Pro-Level Video Editing with LightWorks on Linux


When you think about video editing and Linux, most likely your thoughts immediately gravitate to the likes of OpenShotKdenlive, or Flowblade. And with good reason. These tools are outstanding video editors that hang their hat on being open source and readily accessible for Linux users (although Flowblade has a ways to go before it’s ready for the average user). I’ve used OpenShot for years—specifically for my video blog posts and very short (and simple) movies I’ve created.

However…when you need to step up your game and do pro-level editing, OpenShot and Kdenlive might fall a bit short and Flowblade simply isn’t ready. Where do you turn? Yes, Linux has a nice collection of video editors for anyone who needs to put together a quick video for Youtube, work, family, etc. But, when you’re looking at editing the likes of a full-length film, you’ll have to turn to Lightworks (if you want to remain on Linux). Lightworks calls itself the professional editor for everyone. This particular tool is an Academy- and Emmy-award winning professional-grade non linear editor used to edit films like Pulp Fiction, Batman, and The King’s Speech.

Before you read on, there are a few things you should know:

  • Lightworks has been promising to deliver on its open source claim for a long time (it has yet to do so)

  • Lightworks has a short, but very steep, learning curve

  • Linux users will have to jump through a couple of major hoops to get it all working

That being said, once you do get Lightworks running, it’s worth the effort. With this editor, you can turn all that footage into your masterpiece. That journey to masterpiece, however, can be a bit frustrating.

I should also state that this is not a step-by-step guide to editing your creation with Lightworks. Instead, this how-to will attempt to get you up and running with the software. Once you have Lightworks working as expected, I highly recommend you take a look at these step-by-step videos (Lightworks did an outstanding job getting users up to speed with their product) before you begin the process of editing.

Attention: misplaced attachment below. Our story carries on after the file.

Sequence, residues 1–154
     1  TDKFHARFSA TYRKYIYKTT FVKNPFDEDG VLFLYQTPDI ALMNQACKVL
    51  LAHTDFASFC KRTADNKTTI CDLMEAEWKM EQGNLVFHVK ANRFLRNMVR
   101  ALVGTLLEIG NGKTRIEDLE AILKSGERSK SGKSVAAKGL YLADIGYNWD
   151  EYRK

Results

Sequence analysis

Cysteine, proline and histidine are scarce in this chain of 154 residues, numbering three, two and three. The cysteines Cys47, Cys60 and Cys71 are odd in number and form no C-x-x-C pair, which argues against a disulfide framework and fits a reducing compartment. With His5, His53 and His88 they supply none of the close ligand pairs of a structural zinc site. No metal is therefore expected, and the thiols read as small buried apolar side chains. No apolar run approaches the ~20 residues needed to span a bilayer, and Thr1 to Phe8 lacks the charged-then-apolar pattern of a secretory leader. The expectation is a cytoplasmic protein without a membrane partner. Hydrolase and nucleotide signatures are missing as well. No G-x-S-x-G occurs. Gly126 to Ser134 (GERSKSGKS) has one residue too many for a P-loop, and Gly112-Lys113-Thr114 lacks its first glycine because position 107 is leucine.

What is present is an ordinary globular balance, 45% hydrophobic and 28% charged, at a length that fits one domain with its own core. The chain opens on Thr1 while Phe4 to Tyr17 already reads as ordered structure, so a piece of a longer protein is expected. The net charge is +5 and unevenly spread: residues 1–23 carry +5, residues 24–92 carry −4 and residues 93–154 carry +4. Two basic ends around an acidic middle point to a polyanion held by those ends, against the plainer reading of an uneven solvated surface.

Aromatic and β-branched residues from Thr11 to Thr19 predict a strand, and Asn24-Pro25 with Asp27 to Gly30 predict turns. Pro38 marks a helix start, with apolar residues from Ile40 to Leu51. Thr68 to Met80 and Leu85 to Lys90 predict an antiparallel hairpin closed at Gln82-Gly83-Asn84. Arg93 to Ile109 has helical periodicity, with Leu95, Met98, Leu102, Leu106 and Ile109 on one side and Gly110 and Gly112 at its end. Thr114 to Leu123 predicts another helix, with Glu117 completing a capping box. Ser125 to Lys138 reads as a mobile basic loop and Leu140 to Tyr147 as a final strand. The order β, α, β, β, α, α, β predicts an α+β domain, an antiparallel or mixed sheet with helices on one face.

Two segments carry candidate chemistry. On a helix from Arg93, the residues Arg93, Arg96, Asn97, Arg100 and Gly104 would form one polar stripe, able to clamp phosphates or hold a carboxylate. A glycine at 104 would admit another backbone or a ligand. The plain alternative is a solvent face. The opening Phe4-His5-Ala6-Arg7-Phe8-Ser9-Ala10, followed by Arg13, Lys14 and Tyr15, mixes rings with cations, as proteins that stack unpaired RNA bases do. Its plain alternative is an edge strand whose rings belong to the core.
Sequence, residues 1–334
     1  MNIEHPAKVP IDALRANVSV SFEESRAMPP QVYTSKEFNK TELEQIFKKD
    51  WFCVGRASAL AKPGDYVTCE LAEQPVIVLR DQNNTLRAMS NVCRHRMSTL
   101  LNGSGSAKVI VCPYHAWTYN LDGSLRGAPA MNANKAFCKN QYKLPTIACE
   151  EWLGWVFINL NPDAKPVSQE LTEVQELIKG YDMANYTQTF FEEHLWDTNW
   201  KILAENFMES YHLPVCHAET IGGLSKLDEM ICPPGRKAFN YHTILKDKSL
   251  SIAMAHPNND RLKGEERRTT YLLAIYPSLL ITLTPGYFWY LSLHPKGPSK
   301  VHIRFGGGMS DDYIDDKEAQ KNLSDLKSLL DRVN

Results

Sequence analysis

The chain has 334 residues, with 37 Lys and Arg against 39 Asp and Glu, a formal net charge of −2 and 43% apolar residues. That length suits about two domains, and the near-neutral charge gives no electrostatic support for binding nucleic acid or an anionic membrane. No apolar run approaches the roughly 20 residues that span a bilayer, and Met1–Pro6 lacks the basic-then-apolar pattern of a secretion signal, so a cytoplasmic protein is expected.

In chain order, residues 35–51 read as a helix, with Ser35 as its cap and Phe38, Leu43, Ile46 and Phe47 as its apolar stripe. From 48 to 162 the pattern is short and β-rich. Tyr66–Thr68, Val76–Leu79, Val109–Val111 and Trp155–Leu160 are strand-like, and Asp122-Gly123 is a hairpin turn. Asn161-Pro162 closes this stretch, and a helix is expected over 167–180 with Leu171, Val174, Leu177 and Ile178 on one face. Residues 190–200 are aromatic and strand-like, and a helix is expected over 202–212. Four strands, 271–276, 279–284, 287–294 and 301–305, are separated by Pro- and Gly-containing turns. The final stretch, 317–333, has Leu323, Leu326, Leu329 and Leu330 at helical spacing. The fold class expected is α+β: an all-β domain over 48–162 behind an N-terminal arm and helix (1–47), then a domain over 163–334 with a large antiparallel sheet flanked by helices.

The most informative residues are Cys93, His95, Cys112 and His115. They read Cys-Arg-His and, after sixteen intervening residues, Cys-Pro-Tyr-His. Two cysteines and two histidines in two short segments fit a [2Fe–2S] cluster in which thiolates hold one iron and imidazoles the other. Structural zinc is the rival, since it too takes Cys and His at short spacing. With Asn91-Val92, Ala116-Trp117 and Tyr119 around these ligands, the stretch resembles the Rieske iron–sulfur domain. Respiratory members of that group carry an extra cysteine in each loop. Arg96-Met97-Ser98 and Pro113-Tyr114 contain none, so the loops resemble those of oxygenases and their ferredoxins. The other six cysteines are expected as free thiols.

Now, what do you have to do before you glance at that first video? Let’s take a look.

Proprietary Drivers

This is one of the single most important things you must take care of. Lightworks simply won’t function with the likes of the Nouveau drivers. There’s more. I’ve been trying to get Lightworks to function properly on my System76 Leopard Extreme (a truly brilliant machine) for a long time. It has an NVIDIA Geforce GTX 650 video card and—even with the proprietary NVIDIA drivers—video (especially in the editing window) will not play properly regardless of the imported format. Now, on a System76 Lemur, using Intel graphics (Skylake ULT GT2), Lightworks functioned out of the box. Depending upon your graphics card, you will get varying mileage. However, should your device have proprietary drivers available, I recommend you install them before installing Lightworks.

jack-lightworks aI’ll demonstrate how to install the proprietary drivers on Ubuntu. It’s quite easy:

  1. Open up the Dash

  2. Type drivers

  3. Click on Additional Drivers

  4. Allow the tool to search for additional drivers

  5. If the tool locates drivers that can be applied (see Figure 1 above), select the appropriate driver, and click Apply Changes

  6. Once the changes are complete, reboot

Installing Lightworks

With the video drivers out of the way, you can now install Lightworks. Fortunately, the company has made it quite easy to install the software on Linux. Here’s what you need to do (I will demonstrate on Ubuntu).

  1. Download the appropriate binary file from the Lightworks Linux download page